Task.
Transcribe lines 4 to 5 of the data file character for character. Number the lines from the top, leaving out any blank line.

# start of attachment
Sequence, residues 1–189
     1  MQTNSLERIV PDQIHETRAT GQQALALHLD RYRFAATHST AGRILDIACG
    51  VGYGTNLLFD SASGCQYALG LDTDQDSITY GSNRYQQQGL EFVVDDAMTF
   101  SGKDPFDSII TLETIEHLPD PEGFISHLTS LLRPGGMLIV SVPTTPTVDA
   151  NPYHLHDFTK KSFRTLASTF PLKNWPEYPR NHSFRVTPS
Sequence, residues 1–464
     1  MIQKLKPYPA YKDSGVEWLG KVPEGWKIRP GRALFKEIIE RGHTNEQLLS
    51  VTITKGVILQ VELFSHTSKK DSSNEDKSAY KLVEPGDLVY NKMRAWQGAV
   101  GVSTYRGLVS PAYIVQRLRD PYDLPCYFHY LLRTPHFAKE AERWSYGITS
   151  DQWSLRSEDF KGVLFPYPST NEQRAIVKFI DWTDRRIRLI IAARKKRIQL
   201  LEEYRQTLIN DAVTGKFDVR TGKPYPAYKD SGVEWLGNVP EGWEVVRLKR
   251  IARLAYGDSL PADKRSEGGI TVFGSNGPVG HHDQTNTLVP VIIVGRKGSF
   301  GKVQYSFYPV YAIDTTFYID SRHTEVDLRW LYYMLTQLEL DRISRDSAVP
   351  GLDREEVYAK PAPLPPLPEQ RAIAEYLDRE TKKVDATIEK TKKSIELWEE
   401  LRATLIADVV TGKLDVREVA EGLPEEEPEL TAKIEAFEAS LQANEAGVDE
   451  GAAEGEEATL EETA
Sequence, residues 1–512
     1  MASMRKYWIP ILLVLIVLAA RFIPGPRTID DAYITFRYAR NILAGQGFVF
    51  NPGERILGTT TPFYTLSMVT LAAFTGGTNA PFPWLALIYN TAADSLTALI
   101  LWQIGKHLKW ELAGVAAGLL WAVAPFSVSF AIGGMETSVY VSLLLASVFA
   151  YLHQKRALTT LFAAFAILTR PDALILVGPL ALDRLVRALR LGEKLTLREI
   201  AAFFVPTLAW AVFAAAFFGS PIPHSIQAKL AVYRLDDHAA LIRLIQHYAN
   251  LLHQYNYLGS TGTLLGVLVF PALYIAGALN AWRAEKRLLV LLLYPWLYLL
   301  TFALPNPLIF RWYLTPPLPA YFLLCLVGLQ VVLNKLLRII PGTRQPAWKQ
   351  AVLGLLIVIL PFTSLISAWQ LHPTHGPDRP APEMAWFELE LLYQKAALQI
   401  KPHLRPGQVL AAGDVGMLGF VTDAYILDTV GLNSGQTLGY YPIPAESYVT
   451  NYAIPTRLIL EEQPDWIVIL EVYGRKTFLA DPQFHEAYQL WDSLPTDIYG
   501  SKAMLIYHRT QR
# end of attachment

   101  SGKDPFDSII TLETIEHLPD PEGFISHLTS LLRPGGMLIV SVPTTPTVDA
   151  NPYHLHDFTK KSFRTLASTF PLKNWPEYPR NHSFRVTPS